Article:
Investigating the complex transcriptional relationship between intragenetic CpG islands and their host genes

Student thesis: Doctoral ThesisDoctor of Philosophy


Pre-mRNA processing mechanisms such as alternative splic- ing (AS) and alternative polyadenylation (APA) generate diverse transcripts in mammalian genomes during develop- ment and tissue differentiation. Epigenetic factors including DNA methylation and histone modifications such as trimethy- lation of histone H3 lysine 36 (H3K36me3) play a role in generating transcriptome diversity. Intragenic CpG islands (iCGIs) and their corresponding host genes provide a way of examining gene expression in the context of epigenetic factors and transcriptional output resulting from AS and APA glob- ally across the genome and at high resolution at the specific model locus Mcts2/H13. Over 4000 host genes have been identified genomewide harbouring an iCGI, including both previously annotated and novel iCGI/host gene pairs. The transcriptional activity of these iCGIs is tissue- and develop- mental stage-specific and, for the first time, I demonstrate that the premature termination of host gene transcripts upstream of iCGIs is closely correlated with the level of iCGI tran- scription. My work suggest that iCGI transcription, rather than H3K36me3 or DNA methylation, interferes with host gene transcription and pre-mRNA processing genomewide and contributes to the spatiotemporal diversification of both the transcriptome and proteome.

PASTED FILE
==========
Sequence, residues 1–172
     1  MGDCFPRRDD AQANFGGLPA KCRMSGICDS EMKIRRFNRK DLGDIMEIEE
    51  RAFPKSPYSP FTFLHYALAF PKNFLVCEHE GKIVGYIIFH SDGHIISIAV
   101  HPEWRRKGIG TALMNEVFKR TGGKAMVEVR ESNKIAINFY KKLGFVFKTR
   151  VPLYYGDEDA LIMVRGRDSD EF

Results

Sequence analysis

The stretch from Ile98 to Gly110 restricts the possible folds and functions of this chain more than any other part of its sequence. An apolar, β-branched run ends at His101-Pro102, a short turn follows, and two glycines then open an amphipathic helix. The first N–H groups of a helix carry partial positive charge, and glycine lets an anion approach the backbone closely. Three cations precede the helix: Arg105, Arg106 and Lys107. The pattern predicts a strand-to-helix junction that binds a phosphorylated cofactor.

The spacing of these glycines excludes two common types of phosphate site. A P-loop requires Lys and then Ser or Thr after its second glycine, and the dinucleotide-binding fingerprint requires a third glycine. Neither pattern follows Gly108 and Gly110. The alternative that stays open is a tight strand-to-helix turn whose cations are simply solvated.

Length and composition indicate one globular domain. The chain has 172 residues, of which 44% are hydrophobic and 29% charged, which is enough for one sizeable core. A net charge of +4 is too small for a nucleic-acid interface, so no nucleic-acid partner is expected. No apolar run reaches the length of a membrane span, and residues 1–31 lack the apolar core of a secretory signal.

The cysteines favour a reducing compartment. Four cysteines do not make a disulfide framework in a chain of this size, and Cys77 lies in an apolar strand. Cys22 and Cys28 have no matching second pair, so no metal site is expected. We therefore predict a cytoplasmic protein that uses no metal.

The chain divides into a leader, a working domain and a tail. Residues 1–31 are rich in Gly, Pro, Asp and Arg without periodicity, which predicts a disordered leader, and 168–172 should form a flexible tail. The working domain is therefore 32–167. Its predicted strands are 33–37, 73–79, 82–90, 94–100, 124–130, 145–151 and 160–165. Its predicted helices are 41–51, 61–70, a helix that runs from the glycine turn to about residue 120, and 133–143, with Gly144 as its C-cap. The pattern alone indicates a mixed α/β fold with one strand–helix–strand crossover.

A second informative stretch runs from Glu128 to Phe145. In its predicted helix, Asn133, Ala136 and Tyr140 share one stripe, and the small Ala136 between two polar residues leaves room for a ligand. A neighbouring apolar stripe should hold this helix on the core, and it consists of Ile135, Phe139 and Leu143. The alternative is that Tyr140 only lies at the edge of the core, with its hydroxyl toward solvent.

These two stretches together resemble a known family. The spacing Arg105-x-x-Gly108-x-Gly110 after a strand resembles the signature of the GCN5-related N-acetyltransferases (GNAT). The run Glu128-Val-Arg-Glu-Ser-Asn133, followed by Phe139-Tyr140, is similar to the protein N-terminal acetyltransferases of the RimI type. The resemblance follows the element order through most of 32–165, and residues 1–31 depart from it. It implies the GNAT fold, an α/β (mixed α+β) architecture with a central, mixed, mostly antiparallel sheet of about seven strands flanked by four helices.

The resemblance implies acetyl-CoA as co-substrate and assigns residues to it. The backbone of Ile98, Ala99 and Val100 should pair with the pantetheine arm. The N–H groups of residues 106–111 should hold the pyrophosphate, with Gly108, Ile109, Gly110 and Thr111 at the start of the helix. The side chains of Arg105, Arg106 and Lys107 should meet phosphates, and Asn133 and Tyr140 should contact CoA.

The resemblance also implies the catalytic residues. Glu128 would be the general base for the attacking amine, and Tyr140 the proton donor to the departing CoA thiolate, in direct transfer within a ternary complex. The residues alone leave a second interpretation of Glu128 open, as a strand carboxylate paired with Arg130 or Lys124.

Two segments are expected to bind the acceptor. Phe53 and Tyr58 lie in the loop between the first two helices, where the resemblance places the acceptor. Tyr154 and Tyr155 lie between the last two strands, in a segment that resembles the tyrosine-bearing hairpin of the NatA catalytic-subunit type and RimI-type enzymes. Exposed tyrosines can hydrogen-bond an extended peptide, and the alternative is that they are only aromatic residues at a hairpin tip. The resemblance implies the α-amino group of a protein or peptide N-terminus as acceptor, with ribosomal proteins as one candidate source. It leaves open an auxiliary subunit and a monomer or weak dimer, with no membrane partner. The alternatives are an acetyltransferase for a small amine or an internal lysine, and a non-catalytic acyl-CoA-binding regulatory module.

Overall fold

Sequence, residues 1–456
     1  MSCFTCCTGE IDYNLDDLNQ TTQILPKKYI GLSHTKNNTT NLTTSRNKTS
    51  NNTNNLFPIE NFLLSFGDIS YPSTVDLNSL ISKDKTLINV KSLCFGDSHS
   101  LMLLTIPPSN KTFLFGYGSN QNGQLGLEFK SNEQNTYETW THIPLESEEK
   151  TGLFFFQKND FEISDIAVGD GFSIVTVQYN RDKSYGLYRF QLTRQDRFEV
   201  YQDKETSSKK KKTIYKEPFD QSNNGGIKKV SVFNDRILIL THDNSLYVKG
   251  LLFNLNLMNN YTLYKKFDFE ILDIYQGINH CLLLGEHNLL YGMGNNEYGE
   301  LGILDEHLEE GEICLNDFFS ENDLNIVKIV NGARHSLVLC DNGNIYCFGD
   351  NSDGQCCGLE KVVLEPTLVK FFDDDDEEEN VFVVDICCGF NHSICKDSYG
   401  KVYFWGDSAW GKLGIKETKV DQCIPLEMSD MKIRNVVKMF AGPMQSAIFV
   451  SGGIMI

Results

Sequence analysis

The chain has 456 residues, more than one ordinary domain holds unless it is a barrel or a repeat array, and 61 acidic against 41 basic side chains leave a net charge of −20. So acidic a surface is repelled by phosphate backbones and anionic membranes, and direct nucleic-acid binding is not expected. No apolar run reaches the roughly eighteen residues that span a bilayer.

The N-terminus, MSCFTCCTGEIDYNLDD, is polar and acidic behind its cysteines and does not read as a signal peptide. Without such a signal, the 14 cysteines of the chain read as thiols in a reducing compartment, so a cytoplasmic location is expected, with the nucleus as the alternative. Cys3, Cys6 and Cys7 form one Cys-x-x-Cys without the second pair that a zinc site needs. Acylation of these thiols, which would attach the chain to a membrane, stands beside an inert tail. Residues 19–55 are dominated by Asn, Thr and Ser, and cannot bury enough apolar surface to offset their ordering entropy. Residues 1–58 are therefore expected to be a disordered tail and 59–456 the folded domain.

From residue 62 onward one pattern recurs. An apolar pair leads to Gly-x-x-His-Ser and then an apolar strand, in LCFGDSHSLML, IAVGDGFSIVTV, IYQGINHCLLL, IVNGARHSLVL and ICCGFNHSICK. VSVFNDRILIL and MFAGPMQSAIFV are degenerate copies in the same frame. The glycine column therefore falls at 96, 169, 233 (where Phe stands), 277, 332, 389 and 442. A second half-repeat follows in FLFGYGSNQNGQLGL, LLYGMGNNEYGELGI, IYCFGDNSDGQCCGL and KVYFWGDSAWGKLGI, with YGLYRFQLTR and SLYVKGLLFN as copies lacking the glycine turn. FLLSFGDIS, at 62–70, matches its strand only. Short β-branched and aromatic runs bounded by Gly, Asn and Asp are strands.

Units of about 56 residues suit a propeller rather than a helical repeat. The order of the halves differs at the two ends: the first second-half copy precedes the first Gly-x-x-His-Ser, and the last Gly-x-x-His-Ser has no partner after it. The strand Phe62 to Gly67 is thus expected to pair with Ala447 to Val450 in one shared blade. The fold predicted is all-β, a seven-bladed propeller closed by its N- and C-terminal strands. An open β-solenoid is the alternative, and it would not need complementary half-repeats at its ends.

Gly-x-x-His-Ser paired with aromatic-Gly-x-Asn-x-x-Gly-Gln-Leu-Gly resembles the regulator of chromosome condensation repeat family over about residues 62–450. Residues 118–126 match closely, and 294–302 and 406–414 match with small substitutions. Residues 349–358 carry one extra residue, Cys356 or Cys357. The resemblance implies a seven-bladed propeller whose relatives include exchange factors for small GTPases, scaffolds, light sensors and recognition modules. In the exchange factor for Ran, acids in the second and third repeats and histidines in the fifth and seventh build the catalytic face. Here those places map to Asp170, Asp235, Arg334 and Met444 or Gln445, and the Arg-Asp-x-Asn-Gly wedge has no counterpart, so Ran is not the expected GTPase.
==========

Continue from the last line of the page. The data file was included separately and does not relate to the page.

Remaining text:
Date of Award1 May 2020
Original languageEnglish
Awarding Institution
  • King's College London
SupervisorRebecca Oakey (Supervisor) & Reiner Schulz (Supervisor)

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